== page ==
We are extremely thankful of the mayor’s commitment to education through her generous 3.9% increase to the UPSFF. The District is not only an expensive city for families, it is also expensive for schools. We also applaud the mayor for continuing to fund the annual 2.2% increase in the facilities allowance. The increase in the base funding levels will help schools provide services for students, living wages for teachers to live in the city, and keep up with the rising costs associated with real estate and running a quality school.
Increasingly school leaders and teachers are taking on the responsibility of providing more for their students. Schools are asked to have smaller student to teacher ratios, act as a student’s medical provider, facilitate safe passage, diagnose mental issues, and simultaneously ensure each student is able to read, write, and do math. The increases I have cited today represent great progress, however we need to think about what we expect of schools and teachers going forward. We need to invest more in schools if we want to see gains in the areas we all care about, including closing the achievement gap.
As far as DC PCSB’s budget, we continue to rely largely on the oversight fee paid by public charter schools. As has been the case for the past three years, our budget requires no appropriation by this Council and no grant support from OSSE. Even as we have steadily expanded our oversight, we have managed our expenses carefully to the point where we have been able to reduce the oversight fee charged to schools from the legislatively permitted one percent to 0.9%. We have also accumulated an appropriate fund balance that permits us to respond to unexpected costs relating to things such as school closures.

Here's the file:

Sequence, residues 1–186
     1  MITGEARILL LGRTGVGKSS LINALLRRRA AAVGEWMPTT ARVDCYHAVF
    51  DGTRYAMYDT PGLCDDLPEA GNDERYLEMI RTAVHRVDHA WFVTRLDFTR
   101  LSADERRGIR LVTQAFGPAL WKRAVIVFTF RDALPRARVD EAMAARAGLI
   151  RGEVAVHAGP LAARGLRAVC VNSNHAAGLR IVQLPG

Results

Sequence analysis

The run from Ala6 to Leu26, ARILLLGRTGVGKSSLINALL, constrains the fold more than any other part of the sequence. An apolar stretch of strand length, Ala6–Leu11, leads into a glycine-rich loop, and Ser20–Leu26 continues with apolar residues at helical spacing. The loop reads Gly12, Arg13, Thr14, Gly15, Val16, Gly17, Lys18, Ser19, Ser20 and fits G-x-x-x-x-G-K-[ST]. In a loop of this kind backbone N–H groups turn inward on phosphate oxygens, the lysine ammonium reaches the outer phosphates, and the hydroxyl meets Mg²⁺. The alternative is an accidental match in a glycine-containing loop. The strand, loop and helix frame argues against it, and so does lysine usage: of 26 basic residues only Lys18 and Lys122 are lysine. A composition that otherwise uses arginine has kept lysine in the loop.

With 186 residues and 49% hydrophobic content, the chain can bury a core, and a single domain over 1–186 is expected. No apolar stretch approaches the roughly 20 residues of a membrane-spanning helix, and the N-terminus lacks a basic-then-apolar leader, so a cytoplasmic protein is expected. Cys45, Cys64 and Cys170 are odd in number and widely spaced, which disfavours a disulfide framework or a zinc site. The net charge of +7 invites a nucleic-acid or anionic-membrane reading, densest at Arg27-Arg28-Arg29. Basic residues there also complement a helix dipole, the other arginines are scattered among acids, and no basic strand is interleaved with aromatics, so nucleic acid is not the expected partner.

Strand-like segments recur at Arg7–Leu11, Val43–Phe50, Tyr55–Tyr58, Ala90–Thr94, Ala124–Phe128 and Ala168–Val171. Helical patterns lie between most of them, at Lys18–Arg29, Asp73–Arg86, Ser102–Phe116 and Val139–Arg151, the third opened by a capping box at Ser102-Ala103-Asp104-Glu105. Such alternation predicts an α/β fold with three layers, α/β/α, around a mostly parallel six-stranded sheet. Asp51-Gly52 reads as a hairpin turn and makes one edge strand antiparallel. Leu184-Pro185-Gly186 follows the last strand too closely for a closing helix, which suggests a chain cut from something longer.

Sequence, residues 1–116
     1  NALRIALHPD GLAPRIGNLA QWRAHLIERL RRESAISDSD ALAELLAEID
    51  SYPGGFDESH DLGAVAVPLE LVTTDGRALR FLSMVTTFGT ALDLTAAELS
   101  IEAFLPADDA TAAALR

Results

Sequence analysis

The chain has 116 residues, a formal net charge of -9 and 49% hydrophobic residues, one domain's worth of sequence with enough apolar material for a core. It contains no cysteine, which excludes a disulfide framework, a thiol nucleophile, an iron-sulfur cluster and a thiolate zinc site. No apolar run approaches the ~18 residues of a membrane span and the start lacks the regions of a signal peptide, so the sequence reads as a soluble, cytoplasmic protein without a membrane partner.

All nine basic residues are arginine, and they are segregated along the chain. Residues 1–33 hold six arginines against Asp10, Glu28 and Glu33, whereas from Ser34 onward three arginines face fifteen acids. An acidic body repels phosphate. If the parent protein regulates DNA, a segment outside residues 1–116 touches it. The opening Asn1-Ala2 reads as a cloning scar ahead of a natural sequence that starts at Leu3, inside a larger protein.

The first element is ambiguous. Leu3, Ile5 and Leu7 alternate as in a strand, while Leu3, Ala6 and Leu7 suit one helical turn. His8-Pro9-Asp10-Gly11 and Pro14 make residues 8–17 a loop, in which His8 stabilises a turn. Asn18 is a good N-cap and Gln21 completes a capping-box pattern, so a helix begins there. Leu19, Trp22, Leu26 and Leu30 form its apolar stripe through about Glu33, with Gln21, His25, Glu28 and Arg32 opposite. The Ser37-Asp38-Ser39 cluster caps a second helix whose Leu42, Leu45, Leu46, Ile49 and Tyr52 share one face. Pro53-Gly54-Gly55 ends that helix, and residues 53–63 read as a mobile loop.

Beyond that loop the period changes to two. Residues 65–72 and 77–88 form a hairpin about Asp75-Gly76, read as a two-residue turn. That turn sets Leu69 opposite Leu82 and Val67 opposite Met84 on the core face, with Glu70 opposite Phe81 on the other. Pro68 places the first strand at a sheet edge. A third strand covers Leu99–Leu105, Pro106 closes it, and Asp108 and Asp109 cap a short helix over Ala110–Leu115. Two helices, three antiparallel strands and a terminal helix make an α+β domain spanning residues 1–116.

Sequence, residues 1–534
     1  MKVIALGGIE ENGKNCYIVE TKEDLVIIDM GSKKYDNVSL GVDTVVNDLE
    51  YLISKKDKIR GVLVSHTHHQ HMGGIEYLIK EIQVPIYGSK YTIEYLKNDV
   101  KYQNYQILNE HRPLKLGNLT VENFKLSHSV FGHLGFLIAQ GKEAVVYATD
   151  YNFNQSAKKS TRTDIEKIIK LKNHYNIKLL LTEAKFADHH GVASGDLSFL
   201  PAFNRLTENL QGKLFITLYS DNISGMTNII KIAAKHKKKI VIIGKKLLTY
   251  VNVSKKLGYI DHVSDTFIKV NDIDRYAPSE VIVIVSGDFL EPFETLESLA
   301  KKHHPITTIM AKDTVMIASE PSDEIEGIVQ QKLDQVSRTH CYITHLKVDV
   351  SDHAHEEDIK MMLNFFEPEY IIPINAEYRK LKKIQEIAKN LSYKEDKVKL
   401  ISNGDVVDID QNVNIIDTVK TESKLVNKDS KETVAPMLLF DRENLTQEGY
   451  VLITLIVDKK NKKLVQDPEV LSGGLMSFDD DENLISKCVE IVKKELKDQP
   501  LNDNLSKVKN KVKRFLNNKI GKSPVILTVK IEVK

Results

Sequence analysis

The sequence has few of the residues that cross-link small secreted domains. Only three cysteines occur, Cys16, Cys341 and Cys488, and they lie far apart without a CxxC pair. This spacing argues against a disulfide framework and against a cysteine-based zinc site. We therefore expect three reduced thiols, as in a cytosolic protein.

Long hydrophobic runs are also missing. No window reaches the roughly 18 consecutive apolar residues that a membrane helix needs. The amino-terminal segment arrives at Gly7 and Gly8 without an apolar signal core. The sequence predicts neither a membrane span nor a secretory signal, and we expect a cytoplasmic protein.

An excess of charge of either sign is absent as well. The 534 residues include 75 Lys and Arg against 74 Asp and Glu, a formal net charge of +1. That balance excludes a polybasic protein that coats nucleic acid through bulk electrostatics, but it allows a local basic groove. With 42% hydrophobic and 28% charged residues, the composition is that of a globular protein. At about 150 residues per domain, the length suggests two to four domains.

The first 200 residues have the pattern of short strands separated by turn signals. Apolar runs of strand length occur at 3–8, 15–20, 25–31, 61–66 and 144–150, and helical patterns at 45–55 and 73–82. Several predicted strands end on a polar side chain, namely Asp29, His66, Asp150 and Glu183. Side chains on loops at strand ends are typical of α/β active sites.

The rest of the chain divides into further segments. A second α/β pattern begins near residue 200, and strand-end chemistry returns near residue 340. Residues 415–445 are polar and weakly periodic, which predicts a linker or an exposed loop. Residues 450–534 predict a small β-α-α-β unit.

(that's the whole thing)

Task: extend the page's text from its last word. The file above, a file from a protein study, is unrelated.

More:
When it comes to providing more support and resources, we are implementing a few changes in FY19. Through doubling our school support team, we will expand our school health and safety support next year as outlined in our pre-hearing responses. Regarding implementation of OSSE’s high school graduation recommendations, we will add an additional layer of oversight to our already extensive audits of high school students’ coursework and transcripts. It is our hope that taking these additional actions will bolster the public’s trust and confidence in our schools.
As described in our written responses to this committee’s questions, we continue to expand access to data for public charter schools. Our data systems now permit both DC PCSB and school staff to access data in real-time. This means that schools will have a better sense of where they stand on equity metrics and can course correct if needed.
Finally, we are excited to roll out a new digital campaign this month called #TransparenSEE, which will educate the public about all of the available data on our website on everything from school quality metrics to school financial audits. We hope that through this new campaign, DC residents have a better understanding of all that is available at their fingertips.
Thank you, Chairman Grosso for your commitment to the students of this city and your leadership of this committee. Your continued support of innovation in education, school choice, and fairness across sectors has increased educational opportunities for DC students. Thank you for the opportunity to testify and we are happy to answer any questions you may have.